It was not easy for “Star Trek” actor George Takei to come out of the closet. Fear for his career and what other people would say has prevented him from admitting to the public his real sexuality. The actor had to summon the courage and rely on anger to come out in the open and he did so by joining equal rights movements for sexual minorities in the United States.
While Takei is now enjoying his married life in the United States with his partner Brad Altman whom he married in 2008, he hopes that the same movement will spur those in hiding in Japan to come out. He acknowledged that while his country of ancestry has a long way to go from its conservative society, he is encouraged with the bits and pieces of movements made by the LGBT community in shaking the conformist culture of Japan. He believes that the Japanese people must be angry too to be able to fight for their own rights and equality. “They have to have courage to come out and share their lives honestly,” he noted. He hopes that a ripple effect would come out from the small movements happening in the country and added, “So I’m optimistic. I do think that Japan will be one of the nations that have equality and that too will serve as an example for other Asian nations.” He hopes that the small pockets of equal rights movements in Japan would help people be aware and prevent discrimination and bullying, which is still rampant.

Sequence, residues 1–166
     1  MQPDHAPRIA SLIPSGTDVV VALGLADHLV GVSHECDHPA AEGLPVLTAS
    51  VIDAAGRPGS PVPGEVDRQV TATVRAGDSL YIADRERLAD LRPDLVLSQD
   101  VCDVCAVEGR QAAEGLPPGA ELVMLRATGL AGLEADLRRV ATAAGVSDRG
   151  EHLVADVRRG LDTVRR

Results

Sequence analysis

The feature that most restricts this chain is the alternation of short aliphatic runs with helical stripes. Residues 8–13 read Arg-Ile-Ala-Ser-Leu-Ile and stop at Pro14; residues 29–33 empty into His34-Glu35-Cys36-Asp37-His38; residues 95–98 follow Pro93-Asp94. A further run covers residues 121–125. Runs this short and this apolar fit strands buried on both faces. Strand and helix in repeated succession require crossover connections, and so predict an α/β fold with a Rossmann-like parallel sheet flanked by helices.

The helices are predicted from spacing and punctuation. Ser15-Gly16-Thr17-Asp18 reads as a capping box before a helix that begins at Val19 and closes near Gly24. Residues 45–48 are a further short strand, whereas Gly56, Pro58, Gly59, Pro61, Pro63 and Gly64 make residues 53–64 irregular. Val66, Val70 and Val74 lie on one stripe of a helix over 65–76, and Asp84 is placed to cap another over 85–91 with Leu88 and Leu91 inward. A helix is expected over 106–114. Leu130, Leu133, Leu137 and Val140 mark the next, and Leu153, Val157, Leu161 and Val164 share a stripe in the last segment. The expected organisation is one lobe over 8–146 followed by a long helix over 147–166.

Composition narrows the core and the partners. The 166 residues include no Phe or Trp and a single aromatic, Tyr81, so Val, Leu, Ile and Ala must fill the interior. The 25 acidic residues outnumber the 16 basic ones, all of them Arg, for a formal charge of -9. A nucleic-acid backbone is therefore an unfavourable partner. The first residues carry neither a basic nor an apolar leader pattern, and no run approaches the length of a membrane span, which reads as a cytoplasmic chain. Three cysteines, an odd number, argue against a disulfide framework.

The 77-year old actor is in Japan to guest in different events hosted by the U.S. embassy to celebrate the LGBT Pride Month in the United States. While in a party hosted by Ambassador Caroline Kennedy where he toasted gay rights, Takei compared future society with a miniature Starship Enterprise given to him by Kennedy. He said that it is the perfect description to the occasion they were celebrating and said, “That is our Utopian future. This Enterprise is a metaphor of Starship Earth with all of its diversity – not only diversity of race and culture and history but also the unseen diversity of orientation, all coming together working in concert for a better future. And that is what we are doing here tonight.”
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